Using Cows to Improve Wildlife Habitat and Increase Pronghorn
This is the second in a series about how domestic animals like cattle can help wildlife and habitat in desert grasslands. Our first introduced Cows and Quail, Albuquerque-based Holistic Management International’s new range and wildlife program which focused on quail.
Our topic in this article is the most characteristic large mammal of far-West Texas and New Mexico: the pronghorn (Antilocapra americana). Unlike bison, pronghorn were never found outside the high plains and grasslands of the American West nor ever far from bison. When bison were most plentiful, there may have been 50 million pronghorn! This close association of pronghorn with bison contains the main clue to their conservation and restoration.
“Circle Ranch pronghorn numbers have increased during a period in which far-West Texas has seen an 80% decline. But Circle has been under grazing of some kind since 1880 and under holistic planned grazing since 2000.”
No Cows, No Pronghorn
Far-West Texas pronghorn numbers have declined about 80% in the last 20 years. No “expert” can say why, or what to do. During these same years, cattle, which in many ways are like bison, have been moved off the ranges and into feed lots. Sadly, connecting the dots between these facts seems to have eluded our academic, range and wildlife bureaucracies. The smart and dedicated people working on this problem have been trained not to question the core assumption that removing large grazers from desert ranges is good for habitat and wild animals.
The key insight to understanding and reversing pronghorn decline is this: Pronghorn, as a species, is dependent upon other large grazers. That’s it. As the manager of the 250,000-acre Armendaris Ranch in the Jornado del Muerto observed to our Cows & Quail class, “No cows, no pronghorn.”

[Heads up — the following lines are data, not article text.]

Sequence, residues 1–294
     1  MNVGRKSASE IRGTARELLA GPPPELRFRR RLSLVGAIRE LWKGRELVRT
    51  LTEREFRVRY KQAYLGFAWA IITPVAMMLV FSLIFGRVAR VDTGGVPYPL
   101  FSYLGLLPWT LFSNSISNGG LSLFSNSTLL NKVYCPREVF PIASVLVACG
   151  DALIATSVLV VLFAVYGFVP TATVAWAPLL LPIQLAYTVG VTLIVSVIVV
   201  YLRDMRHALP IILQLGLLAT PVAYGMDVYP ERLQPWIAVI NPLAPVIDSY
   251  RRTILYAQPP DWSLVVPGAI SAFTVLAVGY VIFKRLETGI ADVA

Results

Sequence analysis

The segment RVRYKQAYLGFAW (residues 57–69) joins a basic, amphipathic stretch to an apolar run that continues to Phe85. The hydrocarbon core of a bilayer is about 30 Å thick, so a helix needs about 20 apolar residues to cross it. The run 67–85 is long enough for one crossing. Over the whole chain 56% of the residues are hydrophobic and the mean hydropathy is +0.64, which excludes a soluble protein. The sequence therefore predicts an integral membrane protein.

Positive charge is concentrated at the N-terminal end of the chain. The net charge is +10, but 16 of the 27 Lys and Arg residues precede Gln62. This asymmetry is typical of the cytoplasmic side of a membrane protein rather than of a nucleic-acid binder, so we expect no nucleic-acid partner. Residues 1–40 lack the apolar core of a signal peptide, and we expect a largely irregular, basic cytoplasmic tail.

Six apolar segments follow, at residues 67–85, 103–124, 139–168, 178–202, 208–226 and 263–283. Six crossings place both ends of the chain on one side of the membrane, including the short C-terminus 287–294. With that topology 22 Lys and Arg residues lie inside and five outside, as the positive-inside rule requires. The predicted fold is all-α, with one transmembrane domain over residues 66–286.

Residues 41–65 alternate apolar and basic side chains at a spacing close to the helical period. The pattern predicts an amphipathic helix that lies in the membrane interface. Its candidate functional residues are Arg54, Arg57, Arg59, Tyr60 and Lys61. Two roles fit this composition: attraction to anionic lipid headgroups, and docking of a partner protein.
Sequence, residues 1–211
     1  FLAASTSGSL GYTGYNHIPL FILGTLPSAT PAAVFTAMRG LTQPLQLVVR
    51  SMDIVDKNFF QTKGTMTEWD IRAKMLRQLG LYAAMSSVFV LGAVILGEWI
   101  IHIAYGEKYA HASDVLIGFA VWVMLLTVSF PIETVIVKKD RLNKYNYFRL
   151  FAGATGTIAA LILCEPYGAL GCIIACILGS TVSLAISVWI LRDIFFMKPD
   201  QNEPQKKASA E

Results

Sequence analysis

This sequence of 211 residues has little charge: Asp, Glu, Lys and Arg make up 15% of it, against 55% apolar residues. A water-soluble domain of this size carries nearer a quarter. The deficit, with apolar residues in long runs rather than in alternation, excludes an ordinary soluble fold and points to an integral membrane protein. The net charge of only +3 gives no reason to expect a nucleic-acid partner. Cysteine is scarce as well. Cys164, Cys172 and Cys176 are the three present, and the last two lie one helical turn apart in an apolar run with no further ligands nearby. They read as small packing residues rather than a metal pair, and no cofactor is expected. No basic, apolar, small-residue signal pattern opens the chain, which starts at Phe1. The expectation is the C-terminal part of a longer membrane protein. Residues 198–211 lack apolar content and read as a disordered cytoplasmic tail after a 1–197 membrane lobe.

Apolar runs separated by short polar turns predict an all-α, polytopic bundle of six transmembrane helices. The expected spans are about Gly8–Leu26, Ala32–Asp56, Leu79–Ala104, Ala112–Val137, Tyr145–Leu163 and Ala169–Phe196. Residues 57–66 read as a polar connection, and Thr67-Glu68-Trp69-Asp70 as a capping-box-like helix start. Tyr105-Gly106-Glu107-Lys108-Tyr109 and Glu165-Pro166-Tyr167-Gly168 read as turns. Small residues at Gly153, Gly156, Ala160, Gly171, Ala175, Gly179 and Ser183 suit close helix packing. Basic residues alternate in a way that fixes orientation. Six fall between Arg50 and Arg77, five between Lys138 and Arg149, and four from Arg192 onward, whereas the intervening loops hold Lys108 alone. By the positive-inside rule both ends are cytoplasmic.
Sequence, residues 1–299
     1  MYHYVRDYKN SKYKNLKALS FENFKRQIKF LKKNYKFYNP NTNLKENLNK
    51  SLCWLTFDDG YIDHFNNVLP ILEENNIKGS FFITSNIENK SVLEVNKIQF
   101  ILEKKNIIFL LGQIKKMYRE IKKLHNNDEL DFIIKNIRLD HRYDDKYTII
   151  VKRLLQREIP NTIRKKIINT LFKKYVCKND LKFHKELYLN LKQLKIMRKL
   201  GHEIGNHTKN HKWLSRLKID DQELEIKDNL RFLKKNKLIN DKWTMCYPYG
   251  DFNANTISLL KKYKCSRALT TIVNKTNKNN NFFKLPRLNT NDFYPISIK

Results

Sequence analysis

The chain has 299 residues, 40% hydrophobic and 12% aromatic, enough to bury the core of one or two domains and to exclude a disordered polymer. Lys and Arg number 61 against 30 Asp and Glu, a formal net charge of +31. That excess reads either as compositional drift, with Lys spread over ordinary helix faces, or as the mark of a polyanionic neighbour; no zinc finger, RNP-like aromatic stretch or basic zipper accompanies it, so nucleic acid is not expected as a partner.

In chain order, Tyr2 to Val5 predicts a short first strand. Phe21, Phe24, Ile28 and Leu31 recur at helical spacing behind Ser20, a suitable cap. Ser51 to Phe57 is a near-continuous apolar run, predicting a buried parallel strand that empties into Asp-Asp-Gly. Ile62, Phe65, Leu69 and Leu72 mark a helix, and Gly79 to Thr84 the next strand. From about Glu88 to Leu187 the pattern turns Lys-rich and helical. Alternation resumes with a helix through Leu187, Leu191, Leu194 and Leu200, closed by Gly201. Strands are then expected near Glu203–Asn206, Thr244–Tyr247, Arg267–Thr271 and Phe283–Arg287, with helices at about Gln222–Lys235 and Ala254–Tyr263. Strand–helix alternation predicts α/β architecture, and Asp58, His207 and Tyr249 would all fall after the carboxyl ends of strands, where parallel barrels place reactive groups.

When the nomadic herds of bison and other wild animals disappeared, cattle, sheep, goats, burros and horses replaced them. But for decades now, an unprofitable ranching economy and negative institutional advice have combined to remove livestock from our Southwestern desert grasslands. The universally-accepted range theory of the land-grant universities, and government agencies says that land and wildlife must be protected from large numbers of animals.
While it is true that conventional grazing has damaged our Western ranges, the disappearance of large grazers and of diverse animal communities creates another phenomenon called “over-rest.” This is as deadly as over-grazing: For a long time now most range damage has come from over-rest, not from over-grazing. Ask the next person who tells you total rest restores desert grasslands how his own lawn would look if it went 30-years without mowing or fertilizer!
While pronghorn are physiologically complex, their “must-have” list is short. Like the canary in the coal mine, pronghorn is a “bellwether” species which disappears first when ranges decline. Pronghorn need healthy habitat that contains free water, the ability to move across large areas to food, lots of forbs to eat, tall grass and plants in which to hide fawns, and generally-open country where they can see their enemies coming from a distance and be able to flee. Let’s look at these critical needs.
As there is no artificial feed that pronghorn will readily take, they are dependant on naturally-occurring forbs (“weeds”): To find these, pronghorn must move across large areas to where these grow after often distant and spotty desert rains. Pronghorn will show up 2 days after a rainstorm, having moved many miles: How do they know to do this? Many ranchers think that weeds are useless to their cattle. In fact, cattle get about 30% of their diet as forbs. So a healthy weed community, something that over long-term depends on soil disturbance from large animals and their fertilizing dung and urine, is good for both domestics and pronghorn. Brush poisons like Spike kill weeds for many years: use with extreme caution if at all!
Sheep net or other low-to-the-ground fences are problems because pronghorn will not jump fences. These are widely-blamed by experts for pronghorn decline. At Circle Ranch we modify as many of these as we can afford in any year by lifting the bottom to be 18″ above the ground. But, long after net fencing came to our ranges, we still had large pronghorn numbers. Sheep and goat ranching, the reason for these fences, disappeared 35 years ago. During this same period of pronghorn decline many old fences have been falling down. The disappearance of the sheep and goats once concentrated within has harmed pronghorn more than the old fences themselves because we have lost the animal impact that kept plants healthy. Modify your fences so that pronghorn can scoot under them. This allows them to flee predators and travel to food.